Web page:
Tristan had been job hunting for 7 months. He continually revised his resume and cover letter, but it never got him in the door for an interview. He expanded his job hunting approach from online job boards to offline job fairs and association meetings. Nothing. Not one interview.
After investing two years of his life in graduate school, he was starting to question if he had made the right choice. He’d left his wife and 5 year old daughter behind in the hopes of advancing his education and securing a job in Europe. He desperately wanted to be with his family again. First, he had to find a job. Time was running out. His student visa was expiring in 5 weeks.
As an foreigner looking for a job in Europe, he was at a disadvantage. Tristan’s local language skills were poor, his employer would be required to apply for a work visa on his behalf and he had no professional network. He wasn’t sure how to overcome what felt like impossible challenges.
When he asked his contacts if they knew of any job openings, the response was often cold. Asking for a job made others question his employability. With no other options he put his challenge in the hands of others by simply asking for their career advice.
When he asked for advice, the response from hiring managers was dramatically different. Managers welcomed him to coffee meetings where they answered his career related questions.
In the advice meetings, he often asked the same set of questions to help him discover his next opportunity.
- How did you start in this industry / company / role?
- What do like about this industry / company / role?
- What don’t you like about this industry / company / role?
- How does someone with my background follow your footsteps?
- Who else should I connect with to get additional career advice?
Tristan’s breakthrough happened when he re-framed his job-hunt. He altered his question from asking for a job to asking for advice. This one question changed his life. It opened doors to hiring managers who had previously ignored him. During his advice meetings he received valuable insights on how to overcome his challenges as a foreigner in Europe.
It took Tristan only four advice meetings with hiring managers to land his dream job! He started with an administrator from the university and within 3 additional advice meetings, a hiring manager he met created a job for him on the spot.
Within weeks, his family reunited with him to create a new life together in Europe. His beautiful wife and daughter are excited about the possibilities ahead. All it took was a simple question, a request for career advice to change the life of a job-hunter and reunite his family.
The New Job Hunting Approach
Take achieve breakthroughs in your job-hunt using this approach, temporarily suspend your job hunt and refocus your time on gathering advice. Why? The number one determent for job-hunting success is face-to-face time with hiring managers. It’s the tipping point job-hunting activity. It leads to more than 80% of your success as a job hunter.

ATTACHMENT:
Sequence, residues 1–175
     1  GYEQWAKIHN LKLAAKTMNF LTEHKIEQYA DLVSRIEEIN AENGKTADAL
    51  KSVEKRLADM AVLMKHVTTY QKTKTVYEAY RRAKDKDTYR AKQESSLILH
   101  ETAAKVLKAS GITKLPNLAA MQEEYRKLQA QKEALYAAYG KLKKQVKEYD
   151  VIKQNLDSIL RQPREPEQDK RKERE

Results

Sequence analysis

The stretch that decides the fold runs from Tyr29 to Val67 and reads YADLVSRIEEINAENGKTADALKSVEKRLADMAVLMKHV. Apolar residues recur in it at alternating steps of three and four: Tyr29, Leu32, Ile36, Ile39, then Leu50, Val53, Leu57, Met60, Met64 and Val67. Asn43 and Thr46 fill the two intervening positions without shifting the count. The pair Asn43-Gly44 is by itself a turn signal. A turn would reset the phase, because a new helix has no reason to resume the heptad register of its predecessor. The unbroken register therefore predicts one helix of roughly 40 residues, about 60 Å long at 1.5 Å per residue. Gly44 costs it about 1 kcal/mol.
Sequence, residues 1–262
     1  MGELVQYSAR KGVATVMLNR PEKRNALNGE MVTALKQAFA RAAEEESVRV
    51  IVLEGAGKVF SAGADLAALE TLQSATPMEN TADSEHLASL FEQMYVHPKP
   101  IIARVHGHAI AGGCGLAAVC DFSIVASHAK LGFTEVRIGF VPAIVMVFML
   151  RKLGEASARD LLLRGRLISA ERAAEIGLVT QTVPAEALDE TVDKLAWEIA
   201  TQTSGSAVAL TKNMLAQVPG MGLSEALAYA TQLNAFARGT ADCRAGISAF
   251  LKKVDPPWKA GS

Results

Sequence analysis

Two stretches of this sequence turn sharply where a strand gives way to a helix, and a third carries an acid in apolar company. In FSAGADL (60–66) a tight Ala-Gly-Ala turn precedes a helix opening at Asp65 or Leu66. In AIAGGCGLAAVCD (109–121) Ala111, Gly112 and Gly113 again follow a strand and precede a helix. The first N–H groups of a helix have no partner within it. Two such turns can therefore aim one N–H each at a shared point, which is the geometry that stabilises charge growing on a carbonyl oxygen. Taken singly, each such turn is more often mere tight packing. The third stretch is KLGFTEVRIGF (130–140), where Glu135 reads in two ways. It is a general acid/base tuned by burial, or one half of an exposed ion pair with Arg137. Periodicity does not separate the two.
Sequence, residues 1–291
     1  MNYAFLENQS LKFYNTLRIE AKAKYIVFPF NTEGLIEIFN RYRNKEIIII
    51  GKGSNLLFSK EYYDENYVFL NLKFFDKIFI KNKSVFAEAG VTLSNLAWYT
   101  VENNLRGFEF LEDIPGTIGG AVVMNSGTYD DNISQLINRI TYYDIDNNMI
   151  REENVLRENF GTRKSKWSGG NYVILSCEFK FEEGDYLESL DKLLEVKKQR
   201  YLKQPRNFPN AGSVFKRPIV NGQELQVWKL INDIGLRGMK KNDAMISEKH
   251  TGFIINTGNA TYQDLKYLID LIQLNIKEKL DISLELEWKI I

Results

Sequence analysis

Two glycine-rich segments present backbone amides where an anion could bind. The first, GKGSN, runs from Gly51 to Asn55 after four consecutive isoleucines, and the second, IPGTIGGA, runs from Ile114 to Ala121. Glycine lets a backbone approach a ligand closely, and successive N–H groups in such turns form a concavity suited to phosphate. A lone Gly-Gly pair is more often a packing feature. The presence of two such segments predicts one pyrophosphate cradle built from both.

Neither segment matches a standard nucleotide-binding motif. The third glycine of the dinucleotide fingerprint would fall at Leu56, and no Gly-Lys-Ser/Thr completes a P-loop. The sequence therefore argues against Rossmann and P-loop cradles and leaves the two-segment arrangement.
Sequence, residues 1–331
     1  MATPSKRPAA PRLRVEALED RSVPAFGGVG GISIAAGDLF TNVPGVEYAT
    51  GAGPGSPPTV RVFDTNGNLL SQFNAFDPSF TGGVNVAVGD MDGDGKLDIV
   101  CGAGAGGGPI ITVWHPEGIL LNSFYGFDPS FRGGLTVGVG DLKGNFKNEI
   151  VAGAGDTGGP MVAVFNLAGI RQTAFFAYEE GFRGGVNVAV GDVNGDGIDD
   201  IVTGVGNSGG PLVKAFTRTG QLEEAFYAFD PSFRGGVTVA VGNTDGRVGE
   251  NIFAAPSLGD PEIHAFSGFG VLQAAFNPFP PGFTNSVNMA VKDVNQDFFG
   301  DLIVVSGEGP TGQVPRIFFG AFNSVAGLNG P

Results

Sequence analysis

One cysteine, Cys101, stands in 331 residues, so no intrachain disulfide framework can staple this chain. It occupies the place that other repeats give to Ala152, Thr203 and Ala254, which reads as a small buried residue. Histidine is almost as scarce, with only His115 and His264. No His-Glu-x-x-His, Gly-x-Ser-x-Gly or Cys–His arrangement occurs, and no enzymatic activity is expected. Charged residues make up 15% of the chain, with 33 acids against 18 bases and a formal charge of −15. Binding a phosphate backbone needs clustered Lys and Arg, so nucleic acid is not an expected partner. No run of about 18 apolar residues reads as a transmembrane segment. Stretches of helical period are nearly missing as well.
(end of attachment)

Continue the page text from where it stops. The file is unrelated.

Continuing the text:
1. Ask for advice
By asking for career advice you gain valuable exposure to hiring manager that asking for a job won’t get. It elicits a positive response because it’s ego gratifying and no-risk. While subtly presenting yourself during the advice meetings, you’re gaining access to the 80% of jobs available that aren’t advertised.
2. Prepare Your Questions
It’s common that job hunters and career changers have unanswered questions regarding their next step in their career. Use those unanswered questions to drive the agenda in a informal advice meeting with hiring managers. What you’ll learn can save you years of frustration in jobs that aren’t a match for you.
3. Don’t use your resume
Although there’s thousands of books, blogs and articles providing fresh approaches to crafting your resume, the advice meeting is NOT where you want to present your resume. The reason is you’ve ask for advice, not a job to secure a meeting. Nothing creates distrust faster than showing your resume and conveying an ulterior motive in an advice meeting. Leave the resume at home and instead bring a pen, notebook, and list of 5 questions to the advice meeting.
4. Ask for a referral
During the advice meeting, your contacts will bring up new ideas for you to consider in your career move. Ask for referrals to contacts that can help you discover more about these ideas of interest. If you’ve built trust and managed the meeting professionally it’s common to walk out of a meeting with at least two referrals.
- Asking for career advice is a small change in a job hunting strategy that can yield big results.
- Face-to-face time with hiring managers is the most important metric of success for job-hunters.
- Gathering advice from industry veterans will provide valuable clarity in your job search and often lead to jobs that are unadvertised.
- Don’t bring a resume to an advice meeting. The exposure with hiring managers in advice meetings will position you for opportunities without using a resume.
Thanks for reading.
– Ian Jenkins